Chapter Development Director Lynate Pettengill and Chapter Chair Craig Wolfe have introduced a resolution (see page 8) from the Kansas Chapter to the National Sierra Club Council of Club Leaders to encourage the National Sierra Club Board of Directors to support enactment by Congress of a Carbon Fee and Dividend legislation which would place a fee on carbon emissions and return the proceeds to the American people as a dividend. Conservation Co-Chair Yvonne Cather played a terrific role in helping move the Kansas Resolution through the Sierra Club bureaucracy. The article below is about Citizens Climate Lobby and their recent conference in D.C. aimed at this same effort.
As the worst U.S. drought in half a century grips much of the nation and experts point to climate change as a factor, our Director of Development Lynate Pettengill was among the volunteers from around the nation who came to Washington D.C. in late July to ask that Congress put a price on carbon that will reduce greenhouse gas emissions.
Volunteers from the U.S. and Canada attended the Third Annual Citizens Climate Lobby International Conference in Washington, D.C. Lynate visited the offices of the Kansas congressional delegation to make the case for a progressive, revenue-neutral tax on carbon. Legislation for such a tax has been introduced in the U.S. House as the Save Our Climate Act (H.R. 3242)
For Lynate, the Group Leader for the Lawrence Group of CCL, the visits on Capitol Hill left her hopeful that the U.S. could start reducing greenhouse gas emissions before it’s too late:
“There is nothing more critical now for us as citizens on the planet.” Lynate says. “Our recent days talking about climate change with our legislators encourages me to fight all the more. We must convince our leaders that each day we postpone addressing our carbon and climate change issue, we make our solution more difficult to obtain. We may already be seeing our climate change. There is no time to waste.”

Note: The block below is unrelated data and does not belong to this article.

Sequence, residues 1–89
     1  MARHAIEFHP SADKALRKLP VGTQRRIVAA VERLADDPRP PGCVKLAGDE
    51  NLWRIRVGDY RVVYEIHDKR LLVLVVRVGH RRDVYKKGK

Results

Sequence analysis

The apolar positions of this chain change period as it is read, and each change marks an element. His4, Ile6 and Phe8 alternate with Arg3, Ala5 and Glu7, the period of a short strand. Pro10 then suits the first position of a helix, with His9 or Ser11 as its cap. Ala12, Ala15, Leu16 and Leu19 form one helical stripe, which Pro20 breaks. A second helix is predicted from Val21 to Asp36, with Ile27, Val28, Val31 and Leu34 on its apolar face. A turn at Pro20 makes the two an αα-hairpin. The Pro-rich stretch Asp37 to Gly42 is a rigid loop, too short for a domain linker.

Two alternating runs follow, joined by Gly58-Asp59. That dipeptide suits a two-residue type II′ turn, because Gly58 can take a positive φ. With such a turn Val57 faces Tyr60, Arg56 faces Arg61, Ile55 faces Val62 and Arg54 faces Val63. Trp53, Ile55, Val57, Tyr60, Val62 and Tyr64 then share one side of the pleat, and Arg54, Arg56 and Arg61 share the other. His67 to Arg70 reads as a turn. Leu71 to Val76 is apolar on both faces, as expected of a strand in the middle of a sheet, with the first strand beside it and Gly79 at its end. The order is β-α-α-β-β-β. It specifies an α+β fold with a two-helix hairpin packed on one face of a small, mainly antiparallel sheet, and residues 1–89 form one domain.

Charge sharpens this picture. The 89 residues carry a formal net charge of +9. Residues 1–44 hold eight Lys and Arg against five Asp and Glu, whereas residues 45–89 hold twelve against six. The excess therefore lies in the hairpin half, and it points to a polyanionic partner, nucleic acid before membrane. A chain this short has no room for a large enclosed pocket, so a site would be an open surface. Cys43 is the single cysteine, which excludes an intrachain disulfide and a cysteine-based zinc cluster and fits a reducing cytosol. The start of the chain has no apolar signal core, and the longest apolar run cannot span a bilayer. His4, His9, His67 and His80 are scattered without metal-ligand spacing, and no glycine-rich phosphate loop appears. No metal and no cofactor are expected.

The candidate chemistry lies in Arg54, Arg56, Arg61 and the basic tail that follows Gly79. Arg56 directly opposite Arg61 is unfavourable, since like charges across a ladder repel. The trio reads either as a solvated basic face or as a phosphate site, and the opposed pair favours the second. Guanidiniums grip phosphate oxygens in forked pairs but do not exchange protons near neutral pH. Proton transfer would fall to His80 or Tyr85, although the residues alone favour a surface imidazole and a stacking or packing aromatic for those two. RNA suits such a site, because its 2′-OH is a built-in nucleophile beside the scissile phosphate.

At a packed reception held at the end of their first lobbying day, Rep. Jim Moran (D-VA), co-sponsor of the Save Our Climate Act, told volunteers, “This is about future generations more than it is about us, because things are going to get worse if we don’t dramatically alter the political and legislative trends of this country.”
Former Rep. Bob Inglis (R-SC), who introduced a carbon tax bill in the previous Congress but lost his bid for re-election, spoke to an appreciative crowd about making the case for a carbon tax: , “What you’re here to do is to help people in Congress to see that there are people willing to see the true costs [of fossil fuels]… The conservatives can get into this thing if we can show that this is about free enterprise and accountability. It’s about fixing market distortions so that true costs are accounted for.”
A few days before CCL’s conference, Inglis launched his Energy & Enterprise Initiative to talk about the conservative rationale for a revenue-neutral carbon tax. An introductory video on the Initiative’s home page features former Reagan economist Art Laffer.
CCL Executive Director Mark Reynolds came away from the week of lobbying buoyed by the prospects for a carbon tax in the next Congress.
“We’ve had some great conversations on the Hill this week with a number of Republican offices, which makes me optimistic that we can get a bi-partisan bill introduced early in the next Congress. The big topic of the moment right now is the fiscal cliff, but the climate cliff will make that look like a picnic if we don’t put a price on carbon soon.”
More information is available at www.citizensclimatelobby.org. To become involved in the local efforts, contact Citizens Climate Lobby Group Leaders Lynate Pettengill in Lawrence at firstname.lastname@example.org or Craig Wolfe in Kansas City at email@example.com.